A man lands in Dakar, Senegal, after an aborted attempt to settle in Europe. He goes back to Thiaroye, the neighborhood where he grew up “like a foal removing its harness.” Thiaroye, where dozens of African soldiers asking for their payroll were shot by French forces in 1944, and from where thousands of slaves were shipped to America throughout centuries, where “jellyfish lick a slave’s bronchi,” where one experiences “calentures in the thick matrix of seagulls.”
His memories emerge and mix with antique sounds of balafons and koras, his father’s riti and the griot’s voice. But they are soon melted with the memory of Europe, where his “freedom shouted its semen,” where a “plate could break famine,” but where alcohol came out the winner in the end. “Penicillin-nailed Europe, bitch in absentia, why did you demand endless nuptials of me?”
Like a ghost’s apprentice, he scours the many bars in town: “I suckle criminal alcohols and then I fall down at the foot of a grave cracked with rain. Every night I hope to see my name set in stone, the name a brutal father spat with sperm.”
The male figure in these forty poems is always “emasculated,” “neutered” and diminished by the memory of a sacrifice he endured. “I will not save the world (…). The lamb bathes in fire its wild wool fleece.”
For Bogolan is a Western african cotton fabric, traditionally dyed with mud, in which young people, boys and girls, are wrapped after ritual circumcision…
He sees hyaenas “skinned alive in the crotch of a dip.” He says “My foreskin was buried under the sand, with neither tear nor witness. On an April morning, while drums rained, my youth was buried.”
Bogolan is a long poem about trauma, that of an amputated kid who lost his integrity because of traditions in his hometown, and his soul because of modernity abroad.
“I suffer like you do, do I not? Like the wintering night.”
Léopold Sédar Senghor
Wintering Night’s Letters
Then he tries to warn the kids he meets, those who may be tempted by the same Odyssey, about Europe’s dangers: Paid sex, alcohol and famine, about what he endured. But like his father, they would only spit. And villagers, too. His neighbors recognize him and turn their backs on him, he whose breath smells like “crowded subway,” whose “soul stinks,” whose “flesh has been sniffed by bus shelters for too long.”
“Poor guy, you wade around in the juice of vulvas, the juice of cunts, your pants are older than you and you never change them, your shirt saw mass graves and charters in France. What have you come to do on our ancestors’ promontory?”
The man is expelled from his neighborhood, the only place he thought he knew and was part of. Doesn’t he say that, even if he cannot get to the stadium because of “the too strong suns,” he would still cry victory if his team wins? Even if his team were composed of “Colorado potato beetles,” he would.
The many animals inhabiting the poems are like the only creatures he can still rely on to describe his world.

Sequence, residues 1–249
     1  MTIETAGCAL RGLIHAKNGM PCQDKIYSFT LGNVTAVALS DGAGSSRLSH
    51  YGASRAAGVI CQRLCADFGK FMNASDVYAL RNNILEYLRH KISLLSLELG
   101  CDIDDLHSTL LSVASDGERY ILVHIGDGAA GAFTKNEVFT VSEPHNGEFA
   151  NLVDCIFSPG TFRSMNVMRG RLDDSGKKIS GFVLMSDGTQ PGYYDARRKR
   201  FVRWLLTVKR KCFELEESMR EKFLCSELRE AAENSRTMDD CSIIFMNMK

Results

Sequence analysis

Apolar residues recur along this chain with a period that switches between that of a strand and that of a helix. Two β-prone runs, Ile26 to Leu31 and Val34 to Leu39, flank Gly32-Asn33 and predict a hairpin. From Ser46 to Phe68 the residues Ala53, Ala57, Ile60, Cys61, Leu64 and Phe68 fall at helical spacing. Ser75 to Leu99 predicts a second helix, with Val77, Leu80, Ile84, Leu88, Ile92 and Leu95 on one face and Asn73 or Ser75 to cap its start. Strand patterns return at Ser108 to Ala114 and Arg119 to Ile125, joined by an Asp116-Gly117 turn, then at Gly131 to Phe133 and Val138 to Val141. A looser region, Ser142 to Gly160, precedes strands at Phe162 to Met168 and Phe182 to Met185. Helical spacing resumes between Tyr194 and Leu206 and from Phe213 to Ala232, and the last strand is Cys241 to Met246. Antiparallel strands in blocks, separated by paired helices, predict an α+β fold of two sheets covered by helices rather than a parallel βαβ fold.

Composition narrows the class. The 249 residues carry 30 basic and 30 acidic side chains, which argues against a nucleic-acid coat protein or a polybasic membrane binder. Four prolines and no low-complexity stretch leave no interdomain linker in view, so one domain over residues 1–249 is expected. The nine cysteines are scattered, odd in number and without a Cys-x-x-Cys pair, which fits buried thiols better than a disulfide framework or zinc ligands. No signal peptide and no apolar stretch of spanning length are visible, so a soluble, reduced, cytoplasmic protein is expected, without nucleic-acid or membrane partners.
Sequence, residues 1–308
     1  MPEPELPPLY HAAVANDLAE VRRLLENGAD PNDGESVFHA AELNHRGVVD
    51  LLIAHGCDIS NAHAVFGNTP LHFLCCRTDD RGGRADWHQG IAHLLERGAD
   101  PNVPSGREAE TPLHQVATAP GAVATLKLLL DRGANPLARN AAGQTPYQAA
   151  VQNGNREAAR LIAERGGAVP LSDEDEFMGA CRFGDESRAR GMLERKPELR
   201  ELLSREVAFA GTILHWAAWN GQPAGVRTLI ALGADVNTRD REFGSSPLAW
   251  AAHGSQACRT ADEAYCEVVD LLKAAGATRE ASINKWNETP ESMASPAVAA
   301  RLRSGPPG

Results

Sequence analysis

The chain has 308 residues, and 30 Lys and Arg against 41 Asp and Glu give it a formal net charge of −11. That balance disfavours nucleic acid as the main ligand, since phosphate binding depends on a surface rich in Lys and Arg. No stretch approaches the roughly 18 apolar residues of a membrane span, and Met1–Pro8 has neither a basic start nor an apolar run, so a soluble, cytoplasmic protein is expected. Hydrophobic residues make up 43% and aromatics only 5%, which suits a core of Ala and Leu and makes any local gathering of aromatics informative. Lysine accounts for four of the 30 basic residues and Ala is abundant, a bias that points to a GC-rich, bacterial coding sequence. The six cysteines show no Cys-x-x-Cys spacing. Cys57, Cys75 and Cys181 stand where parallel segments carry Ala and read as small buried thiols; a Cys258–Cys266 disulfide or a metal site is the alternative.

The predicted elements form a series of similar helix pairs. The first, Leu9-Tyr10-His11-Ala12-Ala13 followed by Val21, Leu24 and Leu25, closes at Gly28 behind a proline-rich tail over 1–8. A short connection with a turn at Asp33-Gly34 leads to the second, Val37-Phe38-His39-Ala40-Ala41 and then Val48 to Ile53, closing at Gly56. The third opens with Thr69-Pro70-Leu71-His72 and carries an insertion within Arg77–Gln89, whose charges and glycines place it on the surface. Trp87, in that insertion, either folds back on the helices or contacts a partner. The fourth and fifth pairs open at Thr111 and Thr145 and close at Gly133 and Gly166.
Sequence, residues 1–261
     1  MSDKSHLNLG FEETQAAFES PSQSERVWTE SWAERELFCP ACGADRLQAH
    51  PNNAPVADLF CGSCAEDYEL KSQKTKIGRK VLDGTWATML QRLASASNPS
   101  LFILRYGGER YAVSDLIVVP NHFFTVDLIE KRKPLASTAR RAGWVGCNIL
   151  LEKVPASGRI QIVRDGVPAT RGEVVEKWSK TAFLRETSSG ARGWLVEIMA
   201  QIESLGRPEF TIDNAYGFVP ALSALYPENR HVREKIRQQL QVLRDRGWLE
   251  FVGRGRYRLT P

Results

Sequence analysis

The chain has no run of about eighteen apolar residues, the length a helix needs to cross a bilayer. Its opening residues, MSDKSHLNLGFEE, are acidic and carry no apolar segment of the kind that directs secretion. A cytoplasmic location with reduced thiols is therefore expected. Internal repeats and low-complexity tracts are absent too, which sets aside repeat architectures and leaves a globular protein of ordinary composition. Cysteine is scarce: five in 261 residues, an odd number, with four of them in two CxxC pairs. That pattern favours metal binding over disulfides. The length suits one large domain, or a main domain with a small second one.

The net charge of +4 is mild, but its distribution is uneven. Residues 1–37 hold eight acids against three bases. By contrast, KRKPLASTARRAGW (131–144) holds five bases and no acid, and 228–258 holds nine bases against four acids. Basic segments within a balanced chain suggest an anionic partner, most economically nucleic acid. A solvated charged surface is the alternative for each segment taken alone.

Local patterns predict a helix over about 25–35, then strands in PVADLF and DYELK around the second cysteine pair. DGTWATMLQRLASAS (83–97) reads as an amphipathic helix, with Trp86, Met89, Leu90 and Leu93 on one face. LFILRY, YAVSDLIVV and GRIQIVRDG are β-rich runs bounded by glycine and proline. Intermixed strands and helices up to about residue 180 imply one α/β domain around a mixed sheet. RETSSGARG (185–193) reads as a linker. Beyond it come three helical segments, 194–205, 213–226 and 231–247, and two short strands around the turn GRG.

“Dogs who rejected me, Mastiffs who licked masks, covering with drool the elders’ brows, I can feel your sarcasm, and I fuck you!” he shouts to the people who trample on him and say he wears “a warthog’s uniform.”
“The equation of reconciled trees, I cannot imagine it in this township of dead dogs and pineapples.”
“Beware of rats bred on banana heaps: Those rodents are mighty, they can sweep aside dynasties with plague.”
“A fox hid in my blood its whole offspring.”
“A bee pushed in the sawn-off shotgun of daybreak, I would make your brain raise in plume, if only crime were my ally, if secret closets of blood didn’t disgust me.”
Him, the Man, is not of a violent kind. His testimony is a cry of hope and despair, towards the sky and towards Humanity, to find a solution to loneliness and exile. In fact, he behaves like Christ.
“I do exist against civil servants, my armpits flamed with pupae, midges lit on my anus.”
“I adjure you, may rain drop on my traces, dilute my habits and prevent me from entering ethyl’s gardens, where beer is so cool. Make me dry as a wadi, make me sober as a manatee.”
“I am dawn that wrecks pirogues… Sinners, my friends, see the mercy of fishes, which came to lie down flat in your nets, they submit to the abysses’ authority, they freely choose to fill your children’s bellies.”
“I am the gold-digger in an underground forest, a glade where gazelles revel with miraculous water. With my lantern, I light galleries inaccessible even to the most reckless rats.”
What Christ needs is, in fine, a crucifixion and the support of his mother. In the poem, fishes are jumping freely in nets to feed people in a miraculous catch, and the man’s mother’s hands are “bitten, corroded by cellulose.”
Fish are jumpin’ and the cotton is high
In Bogolan, the Virgin is inextricably linked to cotton.
“The sea (“mer/mère,” mother in French) is hiding in her damp hole. I absorb her wholly in a laugh of cotton, and I peacefully cleanse the Peul kid’s brow.”
“Mother, I find you on a hibiscus altar, your fingers corroded by cellulose, you are not ashamed of me.”
And what Christ needs is also what the final poem says:
“I know brave women who don’t neglect their hairstyle while digging latrines in courtyards. I feel the lament of old men who death doesn’t isolate… I defend innocence with my bare fists.”